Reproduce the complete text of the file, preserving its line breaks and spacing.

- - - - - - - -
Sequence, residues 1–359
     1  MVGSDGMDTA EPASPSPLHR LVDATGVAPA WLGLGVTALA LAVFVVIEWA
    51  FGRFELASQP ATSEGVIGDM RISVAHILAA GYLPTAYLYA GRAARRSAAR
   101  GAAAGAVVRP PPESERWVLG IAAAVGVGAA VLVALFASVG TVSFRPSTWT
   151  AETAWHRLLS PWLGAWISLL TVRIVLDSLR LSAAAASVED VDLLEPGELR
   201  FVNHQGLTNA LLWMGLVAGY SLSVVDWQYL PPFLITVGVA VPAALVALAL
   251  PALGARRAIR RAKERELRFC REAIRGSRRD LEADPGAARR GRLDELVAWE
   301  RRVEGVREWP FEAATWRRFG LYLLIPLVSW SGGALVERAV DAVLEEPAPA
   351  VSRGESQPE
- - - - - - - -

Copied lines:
Sequence, residues 1–359
     1  MVGSDGMDTA EPASPSPLHR LVDATGVAPA WLGLGVTALA LAVFVVIEWA
    51  FGRFELASQP ATSEGVIGDM RISVAHILAA GYLPTAYLYA GRAARRSAAR
   101  GAAAGAVVRP PPESERWVLG IAAAVGVGAA VLVALFASVG TVSFRPSTWT
   151  AETAWHRLLS PWLGAWISLL TVRIVLDSLR LSAAAASVED VDLLEPGELR
   201  FVNHQGLTNA LLWMGLVAGY SLSVVDWQYL PPFLITVGVA VPAALVALAL
   251  PALGARRAIR RAKERELRFC REAIRGSRRD LEADPGAARR GRLDELVAWE
   301  RRVEGVREWP FEAATWRRFG LYLLIPLVSW SGGALVERAV DAVLEEPAPA
   351  VSRGESQPE